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Pupation Site Selection in Four Drosophilid Species: Aggregation and Contact

John Ringo, Harold Dowse
Journal of insect behavior 2012 v.25 no.6 pp. 578-589
Drosophila melanogaster, Zaprionus, larvae, pupae, pupation, social behavior, sympatry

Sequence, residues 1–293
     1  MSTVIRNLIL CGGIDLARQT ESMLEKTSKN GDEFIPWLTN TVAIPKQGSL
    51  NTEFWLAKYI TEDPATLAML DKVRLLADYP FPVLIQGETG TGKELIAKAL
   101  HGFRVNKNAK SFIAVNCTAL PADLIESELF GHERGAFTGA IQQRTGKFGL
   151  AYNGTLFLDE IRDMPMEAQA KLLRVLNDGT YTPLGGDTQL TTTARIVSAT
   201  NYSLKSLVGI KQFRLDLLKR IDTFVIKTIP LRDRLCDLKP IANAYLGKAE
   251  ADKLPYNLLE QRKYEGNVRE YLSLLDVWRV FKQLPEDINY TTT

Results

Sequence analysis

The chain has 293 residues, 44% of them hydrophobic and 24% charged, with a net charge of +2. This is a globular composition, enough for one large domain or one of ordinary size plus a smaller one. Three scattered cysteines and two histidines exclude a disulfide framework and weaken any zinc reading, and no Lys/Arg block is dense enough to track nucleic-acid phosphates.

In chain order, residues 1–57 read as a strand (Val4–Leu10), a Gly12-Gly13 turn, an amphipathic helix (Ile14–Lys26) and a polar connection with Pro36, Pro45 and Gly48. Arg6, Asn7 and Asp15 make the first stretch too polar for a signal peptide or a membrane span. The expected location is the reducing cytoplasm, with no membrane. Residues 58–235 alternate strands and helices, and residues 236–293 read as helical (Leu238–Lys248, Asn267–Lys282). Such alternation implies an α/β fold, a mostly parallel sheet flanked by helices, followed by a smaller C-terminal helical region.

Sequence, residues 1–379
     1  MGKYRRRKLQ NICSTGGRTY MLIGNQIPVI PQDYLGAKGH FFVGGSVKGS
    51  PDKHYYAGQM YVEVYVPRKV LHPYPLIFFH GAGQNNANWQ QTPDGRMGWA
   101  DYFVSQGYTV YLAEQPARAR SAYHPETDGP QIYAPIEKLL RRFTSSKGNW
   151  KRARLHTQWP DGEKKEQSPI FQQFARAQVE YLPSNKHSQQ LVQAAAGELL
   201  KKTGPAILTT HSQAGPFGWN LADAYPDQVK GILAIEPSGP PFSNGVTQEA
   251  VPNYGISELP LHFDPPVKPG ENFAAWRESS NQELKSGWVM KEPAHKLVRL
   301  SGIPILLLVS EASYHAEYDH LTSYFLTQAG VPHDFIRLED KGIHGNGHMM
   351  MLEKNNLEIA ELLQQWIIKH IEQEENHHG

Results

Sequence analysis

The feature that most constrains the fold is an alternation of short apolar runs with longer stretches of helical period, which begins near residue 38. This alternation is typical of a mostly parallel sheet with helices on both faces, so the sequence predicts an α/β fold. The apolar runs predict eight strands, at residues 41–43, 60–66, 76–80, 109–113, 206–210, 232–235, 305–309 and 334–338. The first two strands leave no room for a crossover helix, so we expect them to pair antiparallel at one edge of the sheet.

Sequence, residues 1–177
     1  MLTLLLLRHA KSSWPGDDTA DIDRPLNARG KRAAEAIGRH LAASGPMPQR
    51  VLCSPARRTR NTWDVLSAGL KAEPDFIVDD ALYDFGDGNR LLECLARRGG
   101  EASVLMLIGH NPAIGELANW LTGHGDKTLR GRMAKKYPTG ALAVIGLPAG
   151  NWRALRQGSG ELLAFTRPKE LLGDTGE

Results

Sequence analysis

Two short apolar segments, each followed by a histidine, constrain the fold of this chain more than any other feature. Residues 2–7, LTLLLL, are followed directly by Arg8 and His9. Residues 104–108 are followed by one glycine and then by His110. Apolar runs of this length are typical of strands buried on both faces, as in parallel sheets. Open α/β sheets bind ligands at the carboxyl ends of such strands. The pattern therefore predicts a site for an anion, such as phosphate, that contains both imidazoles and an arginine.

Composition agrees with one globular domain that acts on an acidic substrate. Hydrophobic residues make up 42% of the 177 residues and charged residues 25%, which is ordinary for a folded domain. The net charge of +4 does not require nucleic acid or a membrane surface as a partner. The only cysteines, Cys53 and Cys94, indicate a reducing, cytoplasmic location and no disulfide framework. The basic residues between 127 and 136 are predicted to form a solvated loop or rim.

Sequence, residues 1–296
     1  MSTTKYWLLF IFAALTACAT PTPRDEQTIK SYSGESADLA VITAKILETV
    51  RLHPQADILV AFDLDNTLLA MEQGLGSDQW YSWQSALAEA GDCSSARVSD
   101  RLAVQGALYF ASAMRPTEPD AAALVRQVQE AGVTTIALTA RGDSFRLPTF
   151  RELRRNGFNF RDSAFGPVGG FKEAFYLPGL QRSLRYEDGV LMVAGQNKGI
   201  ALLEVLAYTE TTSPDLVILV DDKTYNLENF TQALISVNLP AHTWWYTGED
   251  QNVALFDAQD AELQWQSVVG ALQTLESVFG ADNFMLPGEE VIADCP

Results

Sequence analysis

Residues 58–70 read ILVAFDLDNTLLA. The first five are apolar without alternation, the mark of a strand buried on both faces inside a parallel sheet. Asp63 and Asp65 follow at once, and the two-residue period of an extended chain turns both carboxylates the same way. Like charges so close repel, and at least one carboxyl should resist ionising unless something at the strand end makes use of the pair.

This study of pupation site selection was undertaken to assess the frequency and orientation of pupae making physical contact in four sympatric species in the family Drosophilidae: Drosophila melanogaster, D. simulans, D. funebris, and Zaprionus tuberculatus. Pupation behavior was assayed in a vial containing a small food cup. Using nearest-neighbor analysis, we found that pupae were aggregated. Furthermore, the frequency of contact between pupae was far greater than could be explained by chance, in all four species. In the three species of Drosophila, about a third of the contacts were between intimately paired pupae whose long axes were parallel; we call this arrangement synapsis. In Z. tuberculatus, most pupal contacts were unoriented. When D. melanogaster larvae were reared with each of the other species, heterospecific pupal contact, including synapsis, occurred. Our discovery of pupal contact in several drosophilids expands the known repertory of social behavior in this family.